Climate Tech To The Fore

From being currently used to mitigate the adverse effects of climate change, technology can also become a powerful tool to help achieve India’s net zero goal by 2070

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Looking back at the 26th edition of the United Nations Climate Change conference, or COP26 as it is popularly known, held last November in Glasgow, there are more reasons to be optimistic than despondent about the future of the planet. Although a grand unified plan to save the planet remains a distant dream, what gives hope is the commitment of individual countries towards this goal, as was evident in some of the announcements made at COP26. 

India, for one, pledged to achieve net zero carbon emission by 2070. That is the best it can do under the current circumstances. In fact, Prime Minister Narendra Modi made a series of announcements at the summit, what he termed as panchamrit, and geared towards getting to the 2070 goal. These included four sub-goals: raising the country’s non-fossil energy capacity to 500 GW by 2030; increasing the share of renewable energy in India’s energy mix to 50 per cent by 2030; reducing the carbon intensity of the economy by less than 45 per cent; and reducing the total carbon emissions by one billion tonnes by 2030. 

And, it is not just state-owned organisations like the Indian Railways that are giving the pledge a push, and working towards achieving the net zero target by 2070. Private sector companies too, are heavily invested in furthering the agenda. Rajesh Rege, President, Honeywell India, says that they have put into place future-forward, sustainable solutions that reduce emissions and produce renewable fuel sources to meet climate goals. 

“Our ‘ready now’ sustainable, cleaner fuel alternatives including sustainable aviation fuel (SAF), renewable diesel, and green/ blue hydrogen will help build the platform for India’s sustainable future. SAF, an alternative to conventional, petroleum-based jet fuel produced by Honeywell UOP's Ecofining technology, can reduce greenhouse gas emissions by up to 80 per cent on a life-cycle emissions basis depending on feedstock used,” he says.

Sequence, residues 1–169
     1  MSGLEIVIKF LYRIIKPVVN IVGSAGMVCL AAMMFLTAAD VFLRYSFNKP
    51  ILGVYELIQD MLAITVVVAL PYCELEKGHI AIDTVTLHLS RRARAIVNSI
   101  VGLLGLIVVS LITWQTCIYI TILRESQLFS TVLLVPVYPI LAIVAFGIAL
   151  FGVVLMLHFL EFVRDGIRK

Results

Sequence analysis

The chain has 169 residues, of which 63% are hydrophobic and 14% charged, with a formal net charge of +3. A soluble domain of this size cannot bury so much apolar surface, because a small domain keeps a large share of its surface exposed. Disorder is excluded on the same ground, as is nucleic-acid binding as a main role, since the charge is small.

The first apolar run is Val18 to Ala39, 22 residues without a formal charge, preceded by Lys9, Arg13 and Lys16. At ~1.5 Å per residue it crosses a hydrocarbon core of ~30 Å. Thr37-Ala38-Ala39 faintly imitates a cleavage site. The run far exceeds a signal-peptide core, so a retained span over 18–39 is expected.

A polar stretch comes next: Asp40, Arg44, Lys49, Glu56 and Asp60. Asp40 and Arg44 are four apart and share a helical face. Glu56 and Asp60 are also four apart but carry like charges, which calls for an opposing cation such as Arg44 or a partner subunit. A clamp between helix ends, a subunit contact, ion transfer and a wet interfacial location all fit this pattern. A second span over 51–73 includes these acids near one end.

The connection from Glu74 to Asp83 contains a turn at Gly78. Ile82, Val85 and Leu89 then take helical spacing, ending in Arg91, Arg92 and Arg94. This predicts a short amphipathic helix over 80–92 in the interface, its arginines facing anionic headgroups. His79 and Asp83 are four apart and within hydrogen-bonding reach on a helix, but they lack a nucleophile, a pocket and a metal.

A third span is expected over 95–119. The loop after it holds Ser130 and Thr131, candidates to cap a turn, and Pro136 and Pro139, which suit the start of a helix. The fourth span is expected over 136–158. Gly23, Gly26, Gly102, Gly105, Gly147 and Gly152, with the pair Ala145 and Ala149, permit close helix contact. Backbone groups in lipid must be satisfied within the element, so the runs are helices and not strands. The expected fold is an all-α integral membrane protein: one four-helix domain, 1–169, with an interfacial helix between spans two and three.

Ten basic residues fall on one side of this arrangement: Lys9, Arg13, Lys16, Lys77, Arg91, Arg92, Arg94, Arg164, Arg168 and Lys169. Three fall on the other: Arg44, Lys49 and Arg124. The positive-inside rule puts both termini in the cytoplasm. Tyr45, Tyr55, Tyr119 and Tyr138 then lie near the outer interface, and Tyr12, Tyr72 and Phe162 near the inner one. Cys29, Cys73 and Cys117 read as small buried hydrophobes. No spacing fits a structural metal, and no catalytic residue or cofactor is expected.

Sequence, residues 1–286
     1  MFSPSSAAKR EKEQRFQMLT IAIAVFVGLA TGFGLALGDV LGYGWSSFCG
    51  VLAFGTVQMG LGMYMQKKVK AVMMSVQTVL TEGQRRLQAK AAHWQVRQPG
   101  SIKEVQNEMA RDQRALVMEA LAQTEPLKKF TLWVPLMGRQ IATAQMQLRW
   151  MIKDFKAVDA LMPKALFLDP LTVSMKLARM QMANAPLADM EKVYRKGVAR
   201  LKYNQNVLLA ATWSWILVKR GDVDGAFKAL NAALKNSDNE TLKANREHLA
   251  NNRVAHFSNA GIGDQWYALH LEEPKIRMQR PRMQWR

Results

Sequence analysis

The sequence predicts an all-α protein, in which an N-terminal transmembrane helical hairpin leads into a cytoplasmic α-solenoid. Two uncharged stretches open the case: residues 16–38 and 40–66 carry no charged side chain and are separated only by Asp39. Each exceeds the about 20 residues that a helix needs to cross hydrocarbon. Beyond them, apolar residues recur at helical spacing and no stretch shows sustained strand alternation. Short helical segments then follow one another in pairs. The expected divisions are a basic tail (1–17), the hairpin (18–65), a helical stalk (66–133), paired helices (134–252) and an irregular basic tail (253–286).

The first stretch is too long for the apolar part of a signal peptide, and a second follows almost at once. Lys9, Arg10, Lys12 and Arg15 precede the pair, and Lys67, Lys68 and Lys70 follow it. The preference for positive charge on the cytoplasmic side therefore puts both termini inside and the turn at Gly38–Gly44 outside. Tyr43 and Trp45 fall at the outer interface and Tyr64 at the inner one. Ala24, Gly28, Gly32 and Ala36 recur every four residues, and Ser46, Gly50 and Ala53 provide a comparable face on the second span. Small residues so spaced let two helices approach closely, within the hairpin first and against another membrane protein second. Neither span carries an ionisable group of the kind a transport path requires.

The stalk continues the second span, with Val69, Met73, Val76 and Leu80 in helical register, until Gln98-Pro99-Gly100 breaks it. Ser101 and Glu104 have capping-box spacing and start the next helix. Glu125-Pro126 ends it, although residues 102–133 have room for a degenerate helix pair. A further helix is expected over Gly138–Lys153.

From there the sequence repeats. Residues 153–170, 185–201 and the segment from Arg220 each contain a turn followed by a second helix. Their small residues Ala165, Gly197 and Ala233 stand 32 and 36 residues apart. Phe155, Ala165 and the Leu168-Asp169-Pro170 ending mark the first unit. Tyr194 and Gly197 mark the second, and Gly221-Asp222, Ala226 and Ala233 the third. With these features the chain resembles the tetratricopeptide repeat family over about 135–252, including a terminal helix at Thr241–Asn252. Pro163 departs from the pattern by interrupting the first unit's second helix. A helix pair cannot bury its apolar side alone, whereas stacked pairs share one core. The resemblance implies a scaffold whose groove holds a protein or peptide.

Rege further states that many of these technologies are developed at the Honeywell India Technology Center (HITC) in Gurugram. 

Focus on Climate Tech

In the process of going green and meeting climate goals, organisations are deploying various methods to accomplish their goals and a major focus is on Climate Tech. 

Climate Tech refers to technologies used to address climate change. These technologies can help us reduce greenhouse gases (GHGs) in the atmosphere. 

High levels of GHGs are driving changes in our climate, bringing extreme weather conditions such as heat waves, droughts, rising sea levels, all of which are disastrous for humanity. 

To mitigate the adverse effects of climate change, technologies like drought-resistant crops, early warning systems and sea walls are used. Such innovative technologies are used across sectors and are helping businesses reach their net zero goals. 

Climate Tech Startups 

Speaking on India’s G20 presidency focus at an event by think tank RIS, Amitabh Kant, who was recently appointed India’s new G20 Sherpa, said: “India will use its political capital and leadership to evolve a consensus to also achieve short-term goals including on climate finance.” India’s G20 presidency beginning December 2022 will focus on steps to revive global economic growth in a way that ensures green and digital transition and achieve sustainable development goals by 2030, he said.